Sunday, October 17, 2010

Ships of the Union Castle Line

Date of Issue: December 05, 2007
Artwork: Peter Bilas
The South African Post Office celebrates the romance of traveling by ship with a set of stamps and a commemorative envelope issued on 5 December 2007.
The Union-Castle Line, famed for it’s lavender hulled liners that ran on a clockwork timetable between Southampton and South Africa, began as two separate companies: Union Line and Castle Line. The two amalgamated in March 1900.

The following ships of the Union Castle Line are featured on the stamps:

RMS Scot: Of all the steamships built before the Union - Castle amalgamation, the Scot stands out as the most famous. She was built on the Clyde and launched in 1890 and her early career marked the high-water mark of 20 years’ rivalry between the Union Line and Donald Currie’s Company. In 1893, the Scot had established a record time for the passage from England (14 days, 8 hours, 57 minutes), a record which stood until 1936, when the Stirling Castle reduced the time to 13 days 9 hours. In outward appearance her clipper bow, tall funnels and graceful lines easily made her one of the most handsome vessels afloat and she was popularly described as the `Albatross of the South’. Because of her reputation for speed, the Scot was a good advert for the Union Line. However, she proved to be a terrific coal eater and expensive to operate and was sold within a few years of the amalgamation of the Union and Castle lines. After changing owners a few times, she ended her days in 1927 at the shipbreaker’s yard.

The Dane: is depicted here after departure from Southampton in September, 1857, with the Needles off the Isle of Wight in the background. She arrived in Cape Town on 29 October. The Dane was the first Union Line mailship on the run and symbolises the beginning of an era. The Dane was moved from the mail service to the Mauritian service in 1864. During the following year she was used as an admiralty transport vessel in the naval operation to suppress slave trading on the East African coast. En route from Simons Town to East Africa, she was wrecked on Thunderbolt Reef near Port Elizabeth on 1 December.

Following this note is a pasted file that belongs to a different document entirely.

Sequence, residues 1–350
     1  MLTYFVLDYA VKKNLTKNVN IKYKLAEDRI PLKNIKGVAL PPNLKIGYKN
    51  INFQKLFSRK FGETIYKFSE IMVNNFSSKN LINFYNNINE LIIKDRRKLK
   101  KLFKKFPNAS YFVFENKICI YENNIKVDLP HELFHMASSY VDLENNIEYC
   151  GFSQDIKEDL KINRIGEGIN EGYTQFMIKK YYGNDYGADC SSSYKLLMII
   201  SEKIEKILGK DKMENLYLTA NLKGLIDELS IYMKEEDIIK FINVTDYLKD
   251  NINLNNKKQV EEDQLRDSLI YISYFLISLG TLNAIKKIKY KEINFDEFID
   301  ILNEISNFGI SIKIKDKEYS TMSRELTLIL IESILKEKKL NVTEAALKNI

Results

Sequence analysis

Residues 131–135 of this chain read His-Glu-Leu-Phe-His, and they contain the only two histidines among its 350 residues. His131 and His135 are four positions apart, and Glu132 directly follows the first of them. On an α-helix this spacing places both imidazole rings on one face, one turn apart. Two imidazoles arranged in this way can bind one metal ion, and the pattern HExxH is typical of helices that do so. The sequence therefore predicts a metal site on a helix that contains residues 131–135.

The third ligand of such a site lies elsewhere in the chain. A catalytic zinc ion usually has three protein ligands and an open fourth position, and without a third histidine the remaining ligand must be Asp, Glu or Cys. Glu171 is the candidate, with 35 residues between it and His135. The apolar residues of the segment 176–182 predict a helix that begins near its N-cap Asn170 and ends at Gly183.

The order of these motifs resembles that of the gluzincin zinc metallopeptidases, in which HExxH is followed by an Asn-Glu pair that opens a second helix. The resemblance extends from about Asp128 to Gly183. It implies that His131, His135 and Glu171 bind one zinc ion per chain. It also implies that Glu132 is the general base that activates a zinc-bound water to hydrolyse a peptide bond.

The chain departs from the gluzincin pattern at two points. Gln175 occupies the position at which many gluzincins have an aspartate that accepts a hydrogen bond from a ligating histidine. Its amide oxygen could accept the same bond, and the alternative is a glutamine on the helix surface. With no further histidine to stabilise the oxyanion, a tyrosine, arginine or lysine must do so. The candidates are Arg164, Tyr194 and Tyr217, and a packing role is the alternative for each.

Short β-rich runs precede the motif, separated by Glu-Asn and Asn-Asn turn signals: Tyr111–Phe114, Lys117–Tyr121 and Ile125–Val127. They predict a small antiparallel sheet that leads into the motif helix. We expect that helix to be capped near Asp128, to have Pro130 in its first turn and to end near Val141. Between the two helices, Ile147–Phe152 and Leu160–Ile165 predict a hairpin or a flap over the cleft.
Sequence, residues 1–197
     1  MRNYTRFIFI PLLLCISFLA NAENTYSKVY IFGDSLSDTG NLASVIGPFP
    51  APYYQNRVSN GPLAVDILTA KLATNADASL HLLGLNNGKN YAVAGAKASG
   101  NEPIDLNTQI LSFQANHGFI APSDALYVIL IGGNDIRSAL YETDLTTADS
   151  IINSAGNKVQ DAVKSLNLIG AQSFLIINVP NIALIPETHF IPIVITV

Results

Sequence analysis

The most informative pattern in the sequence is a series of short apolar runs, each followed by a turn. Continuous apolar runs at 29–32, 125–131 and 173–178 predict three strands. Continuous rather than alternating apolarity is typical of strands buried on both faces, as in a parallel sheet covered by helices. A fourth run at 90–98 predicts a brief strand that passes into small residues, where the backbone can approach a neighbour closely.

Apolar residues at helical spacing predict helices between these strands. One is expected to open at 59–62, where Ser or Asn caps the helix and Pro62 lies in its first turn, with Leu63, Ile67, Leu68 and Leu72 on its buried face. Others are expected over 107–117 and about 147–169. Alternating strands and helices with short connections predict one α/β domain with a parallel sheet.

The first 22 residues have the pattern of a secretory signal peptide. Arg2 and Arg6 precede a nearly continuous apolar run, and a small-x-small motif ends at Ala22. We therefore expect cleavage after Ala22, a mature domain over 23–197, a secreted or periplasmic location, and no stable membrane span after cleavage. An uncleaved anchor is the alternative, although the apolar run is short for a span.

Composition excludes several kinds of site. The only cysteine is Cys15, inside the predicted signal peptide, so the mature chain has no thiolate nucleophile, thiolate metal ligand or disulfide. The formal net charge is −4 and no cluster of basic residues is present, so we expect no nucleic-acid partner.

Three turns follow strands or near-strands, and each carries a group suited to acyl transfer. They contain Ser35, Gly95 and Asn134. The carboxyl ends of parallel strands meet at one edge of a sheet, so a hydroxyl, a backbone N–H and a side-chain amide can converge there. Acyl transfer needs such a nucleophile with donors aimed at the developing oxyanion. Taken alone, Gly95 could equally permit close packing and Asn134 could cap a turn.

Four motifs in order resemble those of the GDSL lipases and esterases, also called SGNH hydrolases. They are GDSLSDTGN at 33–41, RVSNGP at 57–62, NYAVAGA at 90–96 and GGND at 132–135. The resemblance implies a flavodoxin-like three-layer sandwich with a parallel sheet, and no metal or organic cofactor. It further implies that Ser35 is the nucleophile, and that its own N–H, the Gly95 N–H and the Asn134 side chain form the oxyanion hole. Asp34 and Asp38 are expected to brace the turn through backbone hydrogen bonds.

Kildonan Castle: was built in 1899 by Fairfield Shipbuilding & Engineering Co. She was the last mail ship to be completed for the Castle Line before the merger, but commenced her career as H. M. Transport 44 for use during the Boer War. On her maiden voyage she carried 3000 troops to Cape Town and in December 1900 was used as a prisoner of war ship at Simonstown. During 1901 she returned to Fairfields for completion before undertaking her first commercial mail sailing on 7th December. At the end 1920 she was refurbished and returned to the mail run where she remained until replaced by the Carnarvon Castle in 1936 and put in reserve. When the building of the Dunbar Castle was delayed in January 1930 she was deployed on the Intermediate run until May when she was laid up at Netley pending disposal. In May 1931 she was sold for £11,250 and broken up in Norway.

The Edinburgh Castle: was built in 1910 by Harland & Wolff at Belfast. Sister of the Balmoral Castle, she was the last of a group of almost identical ships. On 14th August 1914 she sailed from Cape Town with mail and government-only passengers to Gibraltar, where she embarked troops before being escorted to England by HMS Minerva. She was then taken over as an auxiliary cruiser for the South Atlantic patrol and in January 1915 sailed from Devonport for South Africa with White Star’s Ceramic to hunt for the German ships Karlsruhe and Kronprinz Wilhelm. Edinburgh Castle resumed commercial operations in 1919 after a refit and during that year carried General Smuts back to South Africa. She was withdrawn from service in 1938 and laid up at Netley until she was bought by the Admiralty for use as an accommodation ship in Freetown, Sierra Leone for Naval personnel and survivors of sunken ships. In 1945, as towing back to England would not be cost effective, she was towed 60 miles out to sea and sunk by gunfire and depth charges.

Windsor Castle: Built by Cammell Laird in Birkenhead, the Windsor Castle was launched on June 23, 1959 by Queen Elizabeth, the Queen Mother. At the time of the launch, she was the largest liner built in England and the largest liner owned by the Union-Castle Line. Windsor Castle’s maiden voyage was from Southampton on August 18, 1960, arriving in Durban 11.5 days later. In December 1967 she celebrated her 50th voyage, having steamed 700,000 miles and carried 35,000 passengers with no breakdowns or delays. The great vessel was the flagship of the Union Castle fleet, but sadly her career was short lived. By the 1970s, with the advent of the jumbo jet and economy air travel to South Africa, Union Castle began to phase out its money-losing passenger services. August 12, 1977 saw her 124th and last sailing from Southampton. It was also the final mail sailing for Union Castle Line.

The Transvaal Castle later SA Vaal: The Transvaal Castle was launched in 1961 by John Brown & Co, Clydebank. She was delivered to Union-Castle Line, and served on their route to South Africa from Southampton from 1962. She remained in Union-Castle Line colours only until 1966, when she was transferred to the South African Marine Corp (UK), remaining on the same service under the British flag, with Union-Castle Line crew and management as S.A.Vaal. In 1969 she was transferred to the South African flag.

I thank my swap friend, Mr. Johns, South Africa for sending me both the mint set and the same on envelope.


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